As it turns out, distance learning is a good fit for Mezarina. “It’s easier to ask the professor a question in Zoom than in our regular class,” she says. “Maybe that’s because it feels like it’s just you and her, even though everyone is technically there, and I feel like I can email her questions now, which I wouldn’t have done before.”
Also, she says, “It’s interesting being able to see everybody. It’s kind of cool. You’re really focused. It’s hard to be distracted because you’re staring at the computer screen.”
All that said, she admits to being a little worried about taking chemistry through distance learning.
“I had chosen not to take that one online because I thought it would be hard for me, and here I am taking it online anyway, but I think our professor understands. She postponed one of our tests and she’s posting our Excel lessons online, which is like what she used to do in the classroom with a projector, so we can follow everything.”
Building resiliency for life, as a child in foster care
Adapting to change is a strength that Mezarina relied on, growing up in the foster care system. “I was in from age four to 21,” she says. “I was fostered in homes in the Bronx, Brooklyn and Queens.”
At 16, she entered a group home in Staten Island, and that was her favorite placement. “I’m still friends with some of the kids I lived with,” she says. “I feel like they are the family I chose for myself.”
A few years ago, she sought out her father, who lives in Peru.
“When I was young and lived with my mom till age 4, I remember my dad being a part of my life,” says Mezarina.
Though her father had been incarcerated and eventually deported, she was able to find him on social media. “I sent him a message on Facebook, with a picture of me as a baby with him. I said in Spanish to him, ‘Do you know who I am?’ and he said, ‘Of course I do,’ and he was so happy that I reached out to him.”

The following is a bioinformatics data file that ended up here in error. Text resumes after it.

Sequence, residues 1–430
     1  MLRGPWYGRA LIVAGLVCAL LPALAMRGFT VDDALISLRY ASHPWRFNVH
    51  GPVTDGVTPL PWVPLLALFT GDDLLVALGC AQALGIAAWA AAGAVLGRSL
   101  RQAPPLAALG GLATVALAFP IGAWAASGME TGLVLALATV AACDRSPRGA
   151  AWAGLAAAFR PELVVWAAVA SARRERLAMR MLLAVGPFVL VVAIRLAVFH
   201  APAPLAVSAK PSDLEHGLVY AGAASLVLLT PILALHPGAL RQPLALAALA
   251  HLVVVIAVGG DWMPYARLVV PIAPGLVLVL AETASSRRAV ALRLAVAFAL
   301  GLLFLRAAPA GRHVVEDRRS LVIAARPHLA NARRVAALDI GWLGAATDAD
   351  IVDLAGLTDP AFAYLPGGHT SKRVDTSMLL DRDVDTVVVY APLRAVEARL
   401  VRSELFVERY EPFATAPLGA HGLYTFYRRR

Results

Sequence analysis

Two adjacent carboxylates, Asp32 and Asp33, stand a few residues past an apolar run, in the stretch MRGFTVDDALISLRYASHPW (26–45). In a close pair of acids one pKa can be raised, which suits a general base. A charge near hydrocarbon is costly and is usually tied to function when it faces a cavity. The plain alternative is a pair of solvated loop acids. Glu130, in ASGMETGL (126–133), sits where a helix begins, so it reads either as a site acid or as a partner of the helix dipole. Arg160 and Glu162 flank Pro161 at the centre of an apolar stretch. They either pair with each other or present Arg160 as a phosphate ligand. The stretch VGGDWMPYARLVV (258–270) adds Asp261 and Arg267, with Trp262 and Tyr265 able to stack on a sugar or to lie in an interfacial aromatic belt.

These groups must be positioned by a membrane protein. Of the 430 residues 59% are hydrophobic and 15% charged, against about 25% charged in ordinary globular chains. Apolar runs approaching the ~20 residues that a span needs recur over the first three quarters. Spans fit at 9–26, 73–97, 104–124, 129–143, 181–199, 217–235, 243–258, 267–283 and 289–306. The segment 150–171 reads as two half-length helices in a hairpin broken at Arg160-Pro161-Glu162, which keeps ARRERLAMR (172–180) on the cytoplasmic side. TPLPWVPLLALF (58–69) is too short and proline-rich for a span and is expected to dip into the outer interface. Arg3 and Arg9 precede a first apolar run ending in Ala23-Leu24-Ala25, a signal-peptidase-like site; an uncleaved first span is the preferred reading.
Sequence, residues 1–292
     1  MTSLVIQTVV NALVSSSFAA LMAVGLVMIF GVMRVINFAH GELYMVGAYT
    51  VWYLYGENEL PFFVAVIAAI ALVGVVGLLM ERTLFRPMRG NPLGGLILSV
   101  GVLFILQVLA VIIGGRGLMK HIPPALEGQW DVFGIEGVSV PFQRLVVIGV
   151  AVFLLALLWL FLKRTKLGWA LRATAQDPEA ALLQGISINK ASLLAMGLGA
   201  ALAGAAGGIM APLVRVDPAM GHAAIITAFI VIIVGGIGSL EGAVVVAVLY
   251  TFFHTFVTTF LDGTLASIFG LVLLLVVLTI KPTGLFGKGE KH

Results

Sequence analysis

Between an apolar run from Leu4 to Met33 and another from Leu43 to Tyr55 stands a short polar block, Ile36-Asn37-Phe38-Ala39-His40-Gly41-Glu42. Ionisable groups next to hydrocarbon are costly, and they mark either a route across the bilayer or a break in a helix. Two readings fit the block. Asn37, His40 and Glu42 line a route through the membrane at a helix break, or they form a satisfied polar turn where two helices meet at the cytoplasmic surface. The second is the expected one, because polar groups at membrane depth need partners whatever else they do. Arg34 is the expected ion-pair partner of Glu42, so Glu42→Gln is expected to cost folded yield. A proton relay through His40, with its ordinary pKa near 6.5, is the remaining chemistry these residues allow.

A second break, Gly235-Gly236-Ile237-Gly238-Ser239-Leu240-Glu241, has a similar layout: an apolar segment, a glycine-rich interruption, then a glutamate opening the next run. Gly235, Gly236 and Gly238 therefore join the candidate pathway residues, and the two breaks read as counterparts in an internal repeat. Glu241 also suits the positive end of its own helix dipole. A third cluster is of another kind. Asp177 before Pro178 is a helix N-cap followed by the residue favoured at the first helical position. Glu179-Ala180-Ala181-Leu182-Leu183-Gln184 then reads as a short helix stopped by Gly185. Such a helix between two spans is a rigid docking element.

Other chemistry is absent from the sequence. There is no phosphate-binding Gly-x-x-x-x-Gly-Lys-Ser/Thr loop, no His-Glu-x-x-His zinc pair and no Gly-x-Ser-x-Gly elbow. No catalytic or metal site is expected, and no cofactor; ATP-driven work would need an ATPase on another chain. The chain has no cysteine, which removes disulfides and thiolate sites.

When Mezarina’s mother passed away this past January, her younger sister moved in with her. Around the same time, the family’s grief was deepened even further by the death of her teenage daughter’s biological father.
Throughout this difficult time, Mezarina has remained optimistic about her classes at BMCC and long-term goals. As the corona crisis ratchets up in intensity every day in New York City, she balances her course assignments, her job, her family — and the looming threat of a viral pandemic.
“I don’t feel like I’m invincible, but I feel like you know what to do, and even though it’s not 100 percent certain that you’re safe from getting the virus, I’m not the type of person that panics,” she says. “All I can do is follow proper protocols, follow the six-foot rule and wash my hands and face. I’m doing the best I can do. I take it as part of my job.”
- Science for Health Professionals major Monica Mezarina was juggling work, family and school when a global pandemic got added to the mix
- Along with other medical office staff, she was moved to a call center to handle the flood of calls from patients suspecting they have been infected
- Mezarina screens patients and connects them to doctors via video visits